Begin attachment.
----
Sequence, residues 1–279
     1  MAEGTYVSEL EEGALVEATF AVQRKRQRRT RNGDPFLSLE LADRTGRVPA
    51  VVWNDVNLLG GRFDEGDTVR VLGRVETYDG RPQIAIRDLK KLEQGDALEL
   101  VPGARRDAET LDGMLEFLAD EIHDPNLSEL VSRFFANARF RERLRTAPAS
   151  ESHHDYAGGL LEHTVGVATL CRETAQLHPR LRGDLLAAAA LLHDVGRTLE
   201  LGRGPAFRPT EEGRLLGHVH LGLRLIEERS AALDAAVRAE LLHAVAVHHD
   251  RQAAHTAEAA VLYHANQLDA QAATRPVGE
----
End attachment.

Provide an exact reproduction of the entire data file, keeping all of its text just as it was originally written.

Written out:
Sequence, residues 1–279
     1  MAEGTYVSEL EEGALVEATF AVQRKRQRRT RNGDPFLSLE LADRTGRVPA
    51  VVWNDVNLLG GRFDEGDTVR VLGRVETYDG RPQIAIRDLK KLEQGDALEL
   101  VPGARRDAET LDGMLEFLAD EIHDPNLSEL VSRFFANARF RERLRTAPAS
   151  ESHHDYAGGL LEHTVGVATL CRETAQLHPR LRGDLLAAAA LLHDVGRTLE
   201  LGRGPAFRPT EEGRLLGHVH LGLRLIEERS AALDAAVRAE LLHAVAVHHD
   251  RQAAHTAEAA VLYHANQLDA QAATRPVGE